Nexus

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The Nexus Guard.
They are the strongest, the fastest, and the smartest. They protect us when no one else can.
None of them are over nine years old.

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Rider surveyed his bunk. Nothing in it was moving, and there were no wet patches. He swept back the sheet and made a close inspection of the mattress. No new stains. Rider hopped on. It seemed he was safe, for now.
The rest of the small, dark room was a madhouse. Small children ran, screamed, jumped, wrestled, and generally did what small children do. That was why Rider had checked his bed, in case any of them had dared played a practical joke. Rider was way up in the Guard’s hierarchy, since he had the double blessing of a powerful gift and age. Rider was the second oldest kid in the block. He would be ten in two months and - Rider stopped for a second and counted on his fingers. Two months and 18 days.
“Rider?” He looked down at the kid tugging on his pant leg. It was Bolt, a five-year-old boy who could do something the white-coats called “the voluntary escalation of a body’s electrical charge to produce a lightning effect.” The bunch of fancy words, it turned out, meant the kid could shoot lightning bolts. He was pretty high in the pecking order, too.
“Yeah?” Rider asked absently.
“Can you come? We wanna play a game.”
“Sure. Whatcha doin’?” Rider responded, jumping off his bunk and following Bolt through the mess of children.
“We’re gonna play tackle-tag. But ya ain’t allowed to use any cheats,” Bolt sighed. That particular was instigated after Racket, the only kid older that Rider, had started playing tag by using his powers of mind control to freeze everyone in the room. The white-coats got mad and said the “excess use of extra-sensory powers could cause unanticipated side effects.” But the rest of the kids agreed that mind-freezing wasn’t a fair way to play a game. So they made a rule. It was the way the Guard worked. The kids ruled themselves and paid as little attention as possible to the white-coats.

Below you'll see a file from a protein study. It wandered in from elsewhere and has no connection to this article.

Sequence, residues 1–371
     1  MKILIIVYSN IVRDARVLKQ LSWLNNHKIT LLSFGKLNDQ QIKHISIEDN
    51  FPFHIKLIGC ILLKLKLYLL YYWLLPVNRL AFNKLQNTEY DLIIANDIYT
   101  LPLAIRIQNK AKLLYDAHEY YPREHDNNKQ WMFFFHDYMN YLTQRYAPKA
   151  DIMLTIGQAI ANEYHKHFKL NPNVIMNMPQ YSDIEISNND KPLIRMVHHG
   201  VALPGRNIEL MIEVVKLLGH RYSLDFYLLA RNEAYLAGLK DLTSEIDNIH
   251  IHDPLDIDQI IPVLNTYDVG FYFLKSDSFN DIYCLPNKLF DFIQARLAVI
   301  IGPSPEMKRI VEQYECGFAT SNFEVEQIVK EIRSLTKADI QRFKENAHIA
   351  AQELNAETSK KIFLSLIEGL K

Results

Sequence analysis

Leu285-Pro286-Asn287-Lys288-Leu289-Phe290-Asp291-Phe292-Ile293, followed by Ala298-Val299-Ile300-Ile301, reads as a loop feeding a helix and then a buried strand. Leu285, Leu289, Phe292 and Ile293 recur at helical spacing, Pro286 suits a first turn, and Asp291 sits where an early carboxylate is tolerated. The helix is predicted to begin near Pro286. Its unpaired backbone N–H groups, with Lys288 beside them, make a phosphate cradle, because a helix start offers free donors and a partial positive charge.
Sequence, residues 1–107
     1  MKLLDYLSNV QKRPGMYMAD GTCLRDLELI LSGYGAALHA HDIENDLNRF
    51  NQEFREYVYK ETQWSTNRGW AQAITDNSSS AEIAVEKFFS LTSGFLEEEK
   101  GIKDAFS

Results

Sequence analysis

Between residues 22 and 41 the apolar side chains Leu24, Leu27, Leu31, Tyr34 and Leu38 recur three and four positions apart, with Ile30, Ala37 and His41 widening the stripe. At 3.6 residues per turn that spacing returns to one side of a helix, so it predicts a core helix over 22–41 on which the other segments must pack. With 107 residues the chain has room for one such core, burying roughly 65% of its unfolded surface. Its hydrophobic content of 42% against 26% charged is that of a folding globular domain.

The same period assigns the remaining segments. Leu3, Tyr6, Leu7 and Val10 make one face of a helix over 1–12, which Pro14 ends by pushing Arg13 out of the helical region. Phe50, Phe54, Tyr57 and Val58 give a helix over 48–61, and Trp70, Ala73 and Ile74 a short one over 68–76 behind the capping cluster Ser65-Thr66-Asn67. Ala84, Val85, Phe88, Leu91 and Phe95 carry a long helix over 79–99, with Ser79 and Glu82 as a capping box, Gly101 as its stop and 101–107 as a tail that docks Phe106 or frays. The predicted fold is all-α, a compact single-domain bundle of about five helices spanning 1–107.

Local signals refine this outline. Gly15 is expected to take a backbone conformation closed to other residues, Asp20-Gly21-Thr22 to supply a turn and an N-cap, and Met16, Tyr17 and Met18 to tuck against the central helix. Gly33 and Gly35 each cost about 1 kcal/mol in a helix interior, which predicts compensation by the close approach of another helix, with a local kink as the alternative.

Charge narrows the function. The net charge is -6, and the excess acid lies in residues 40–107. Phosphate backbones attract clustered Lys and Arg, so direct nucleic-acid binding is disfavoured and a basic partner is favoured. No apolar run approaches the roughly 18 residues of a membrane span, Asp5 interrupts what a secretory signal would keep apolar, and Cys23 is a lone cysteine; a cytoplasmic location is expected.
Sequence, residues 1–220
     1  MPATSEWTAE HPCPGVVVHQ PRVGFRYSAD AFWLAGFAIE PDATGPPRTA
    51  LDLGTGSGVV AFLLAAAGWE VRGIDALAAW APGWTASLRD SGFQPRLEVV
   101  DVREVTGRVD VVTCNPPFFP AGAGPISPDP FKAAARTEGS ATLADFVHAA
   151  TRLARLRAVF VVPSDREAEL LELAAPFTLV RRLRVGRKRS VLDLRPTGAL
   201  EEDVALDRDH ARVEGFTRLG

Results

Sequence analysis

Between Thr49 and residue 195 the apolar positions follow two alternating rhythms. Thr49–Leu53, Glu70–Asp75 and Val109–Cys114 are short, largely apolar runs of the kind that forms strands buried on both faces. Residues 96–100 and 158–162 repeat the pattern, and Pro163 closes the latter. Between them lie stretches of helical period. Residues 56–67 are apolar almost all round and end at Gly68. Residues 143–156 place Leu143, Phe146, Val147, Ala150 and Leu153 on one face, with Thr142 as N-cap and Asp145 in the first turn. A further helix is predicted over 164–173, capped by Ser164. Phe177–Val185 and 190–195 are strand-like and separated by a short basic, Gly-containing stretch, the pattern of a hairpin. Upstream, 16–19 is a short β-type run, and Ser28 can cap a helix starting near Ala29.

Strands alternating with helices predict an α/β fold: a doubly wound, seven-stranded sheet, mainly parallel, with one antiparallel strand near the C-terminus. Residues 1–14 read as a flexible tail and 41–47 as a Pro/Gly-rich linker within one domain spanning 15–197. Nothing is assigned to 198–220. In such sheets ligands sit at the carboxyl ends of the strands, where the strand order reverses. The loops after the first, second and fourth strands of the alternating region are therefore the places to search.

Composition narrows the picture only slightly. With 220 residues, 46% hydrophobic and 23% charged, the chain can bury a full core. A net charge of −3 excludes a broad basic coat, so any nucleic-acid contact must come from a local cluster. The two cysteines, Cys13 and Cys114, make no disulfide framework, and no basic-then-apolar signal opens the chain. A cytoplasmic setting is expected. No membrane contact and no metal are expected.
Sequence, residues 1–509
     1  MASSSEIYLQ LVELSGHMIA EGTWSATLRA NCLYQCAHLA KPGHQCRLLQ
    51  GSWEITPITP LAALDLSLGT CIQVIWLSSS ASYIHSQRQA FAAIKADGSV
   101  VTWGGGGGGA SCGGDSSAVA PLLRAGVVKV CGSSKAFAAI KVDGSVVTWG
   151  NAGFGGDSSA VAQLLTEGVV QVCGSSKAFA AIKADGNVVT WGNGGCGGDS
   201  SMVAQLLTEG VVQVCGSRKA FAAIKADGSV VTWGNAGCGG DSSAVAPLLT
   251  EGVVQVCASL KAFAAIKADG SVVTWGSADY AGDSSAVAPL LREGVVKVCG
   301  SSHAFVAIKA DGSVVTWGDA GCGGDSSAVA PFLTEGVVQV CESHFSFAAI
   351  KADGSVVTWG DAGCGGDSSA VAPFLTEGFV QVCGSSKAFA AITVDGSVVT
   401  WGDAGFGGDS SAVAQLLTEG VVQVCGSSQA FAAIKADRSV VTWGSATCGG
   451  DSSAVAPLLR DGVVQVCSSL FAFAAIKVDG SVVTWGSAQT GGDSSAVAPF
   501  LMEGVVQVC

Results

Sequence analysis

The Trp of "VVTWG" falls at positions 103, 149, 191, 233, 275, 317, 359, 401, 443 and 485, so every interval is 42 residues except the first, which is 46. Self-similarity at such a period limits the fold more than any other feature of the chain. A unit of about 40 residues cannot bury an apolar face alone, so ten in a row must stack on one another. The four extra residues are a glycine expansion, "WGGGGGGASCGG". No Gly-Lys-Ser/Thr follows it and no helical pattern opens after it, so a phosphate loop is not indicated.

Tackle-tag was taking place in one of the training yards. The goal is to keep away from the person who’s ‘it,’ while ‘it’ tries to tackle people. Tackled people die and have to sit out for the rest of the game.
Forna was ‘it’ for this game. She was an eight-year-old girl who was really fast and could jump and flip and run really well. The white-coats called it ‘agility’ or ‘dexterity.’ As Rider and Bolt watched, she used a post as a springboard to leap onto the back of eight-year-old Durna, bringing the super-strong hulk of a boy crashing to the ground. Rider shook his head, teasing Bolt.
“You didn’t tell me Forna was it! I’m waiting ‘till next round.” Rider went over to sit next to Racket, his best friend. The two watched Forna leap and flip over the court like a demented butterfly, bringing down one kid after the other.
“It’s been no fun since I can’t use my mind,” Racket told Rider. “I’m no speedy. I’m weak in my body.”
“But you’re mind-strong,” Rider argued, surprised at this sudden down in Racket’s usually happy self. “Only Senti can beat you in school, and you can beat her in the races. It’s like the white-coats say, that all the gifts have a down-side.”
“Yeah,” Racket agreed. “Still, it’s harder when you’re body-weak. The strong ones get all the attention.”
“And you saved ‘em all when that giant cat-mutt was eating Knocker. You got it to run off and jump in the river!” Rider protested.